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[Due to the increasing size of the archives, each topic page now contains only the prior 365 days of content. Access to older stories is now solely through the Monthly Archive pages or the site search function.]

Algenol and Reliance launch algae fuels demonstration project in India

January 21, 2015

Algenol and Reliance Industries Ltd., have successfully deployed India’s first Algenol algae production platform. The demonstration module is located near the Reliance Jamnagar Refinery, the world’s largest. The demonstration has completed several production cycles of Algenol’s wildtype host algae, but ultimately could demonstrate the fuels production capabilities of Algenol’s advanced fuel producing algae and systems. Th

The Algenol fuel production process is designed to convert 1 tonne of CO2 into 144 gallons of fuel while recycling CO2 from industrial processes and converting 85% of the CO2 used into ethanol, gasoline, diesel and jet fuels. The advanced fuel producing algae technology is successfully operating at Algenol’s Fort Myers, Florida headquarters.

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Expanded UMTRI study finds self-driving vehicles generate enthusiasm, concerns worldwide; interest highest in China and India

November 02, 2014

Despite safety concerns about equipment failure, a majority of drivers on three continents have high expectations for autonomous vehicles. Building on an earlier study on public opinion regarding self-driving vehicles in the US, Great Britain and Australia (earlier post), Brandon Schoettle and Michael Sivak of the University of Michigan Transportation Research Institute (UMTRI) expanded their survey to include more than 1,700 respondents in India (527), China (610) and Japan (585). The report includes recently released findings from the same survey in the US, the UK, and Australia.

They found that about 87% of respondents in China and 84% in India have positive views regarding autonomous and self-driving vehicles, compared to 62% in Australia, 56% in the US, 52% in the UK and 43% in Japan. Half of the Japanese respondents were neutral, while the US registered the highest percentage of negative views (16%) among the six countries.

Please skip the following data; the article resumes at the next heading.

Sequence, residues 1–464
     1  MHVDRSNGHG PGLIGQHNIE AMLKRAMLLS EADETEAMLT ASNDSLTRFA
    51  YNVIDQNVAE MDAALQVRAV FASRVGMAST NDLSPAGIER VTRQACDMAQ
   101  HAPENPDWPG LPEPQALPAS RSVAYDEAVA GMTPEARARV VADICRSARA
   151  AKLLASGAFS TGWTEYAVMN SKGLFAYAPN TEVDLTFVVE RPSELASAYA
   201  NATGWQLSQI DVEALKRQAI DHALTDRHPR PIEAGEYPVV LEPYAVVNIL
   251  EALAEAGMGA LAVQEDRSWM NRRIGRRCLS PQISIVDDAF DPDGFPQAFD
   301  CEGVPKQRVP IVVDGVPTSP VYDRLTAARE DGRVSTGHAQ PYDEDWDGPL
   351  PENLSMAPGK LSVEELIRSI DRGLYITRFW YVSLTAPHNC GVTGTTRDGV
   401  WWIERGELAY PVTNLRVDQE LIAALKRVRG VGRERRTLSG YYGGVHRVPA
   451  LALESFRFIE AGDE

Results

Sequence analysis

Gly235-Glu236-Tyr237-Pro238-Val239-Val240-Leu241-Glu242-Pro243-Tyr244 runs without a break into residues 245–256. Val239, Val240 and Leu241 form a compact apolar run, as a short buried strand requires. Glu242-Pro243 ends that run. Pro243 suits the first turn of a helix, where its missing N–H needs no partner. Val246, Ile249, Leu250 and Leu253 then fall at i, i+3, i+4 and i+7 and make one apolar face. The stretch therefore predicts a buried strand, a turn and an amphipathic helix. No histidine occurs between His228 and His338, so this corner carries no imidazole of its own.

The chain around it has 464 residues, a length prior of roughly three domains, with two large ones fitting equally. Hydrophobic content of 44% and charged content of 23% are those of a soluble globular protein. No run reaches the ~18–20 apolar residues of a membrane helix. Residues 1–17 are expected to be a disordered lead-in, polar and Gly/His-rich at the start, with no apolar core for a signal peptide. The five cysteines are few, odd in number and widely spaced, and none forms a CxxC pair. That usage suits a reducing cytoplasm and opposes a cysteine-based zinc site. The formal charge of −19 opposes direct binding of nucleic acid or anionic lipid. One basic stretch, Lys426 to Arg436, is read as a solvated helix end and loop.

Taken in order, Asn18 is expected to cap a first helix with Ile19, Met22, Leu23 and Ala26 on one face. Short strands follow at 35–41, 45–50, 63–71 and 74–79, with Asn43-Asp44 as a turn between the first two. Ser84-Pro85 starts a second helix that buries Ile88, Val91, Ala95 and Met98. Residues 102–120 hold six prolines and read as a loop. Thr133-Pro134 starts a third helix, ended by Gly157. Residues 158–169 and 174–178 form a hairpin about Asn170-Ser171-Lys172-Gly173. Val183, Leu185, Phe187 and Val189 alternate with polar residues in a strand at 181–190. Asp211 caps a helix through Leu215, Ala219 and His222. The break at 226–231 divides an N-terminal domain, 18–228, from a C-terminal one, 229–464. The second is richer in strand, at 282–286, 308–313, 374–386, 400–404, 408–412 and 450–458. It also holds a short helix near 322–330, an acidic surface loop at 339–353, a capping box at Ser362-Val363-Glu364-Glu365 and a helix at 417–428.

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Study: surface ozone in India in 2005 damaged 6M tonnes of crops, enough to feed 94M people in poverty

September 04, 2014

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Smog in India. Ozone, the main component of smog, is a plant-damaging pollutant formed by emissions from vehicles, cooking stoves and other sources. New research shows that ozone pollution damaged millions of tons of wheat, rice, soybean and cotton crops in India in 2005. Credit: Mark Danielson/Flickr

Surface ozone pollution in India damaged 6 million metric tons (6.7 million US tons) of India’s wheat, rice, soybean and cotton crops in 2005, according to a new study published in Geophysical Research Letters, a journal of the American Geophysical Union.

India could feed 94 million people with the lost wheat and rice crops, or about a third of the country’s poor, according to Sachin Ghude, an atmospheric scientist at the Indian Institute of Tropical Meteorology (IITM) in Pune, India and lead author of the new study. There are about 270 million Indians that live in poverty, according to the study.

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Berkeley Lab study finds hybrids more fuel efficient in India, China than in US

March 31, 2014

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Improvement in fuel consumption in India of a hybrid vehicle over a conventional vehicle. Click to enlarge.

In a pair of studies using real-world driving conditions, scientists at the US Department of Energy’s Lawrence Berkeley National Laboratory (Berkeley Lab) found that hybrid cars are significantly more fuel-efficient in India and China than they are in the United States due to traffic and driving conditions in those countries.

They found that driving a hybrid would achieve fuel savings of about 47 to 48% over a conventional car in India and about 53 to 55% in China. In the United States, hybrids are rated to produce a fuel savings of about 40% over their conventional counterparts. Currently hybrid and electric vehicles have a tiny share of the market in India and China and are seen as a higher-end product.

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Tata and Westport introduce new 5L engine with GEMDi dual-fuel technology, new 3.8L SI gas engine

February 12, 2014

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Tata 5L engine with GEMdi. Click to enlarge.

Westport Innovations Inc. unveiled its newest proprietary dual-fuel technology: Westport gas enhanced methane diesel (Westport GEMDi), applied to Tata Motors’ new 5-liter dual-fuel methane-diesel engine. Westport GEMDi technology enables engine original equipment manufacturers (OEMs) to offer a fully integrated, high performance engine optimized for dual fuel operation.

Westport co-developed GEMDi technology with Tata Motors on the next-generation 5L engine, targeting medium-duty trucks and buses in India. This technology provides fuel flexibility, beneficial in regions where natural gas infrastructure is emerging, such as India, and is designed to meet Euro IV and V emissions standards.

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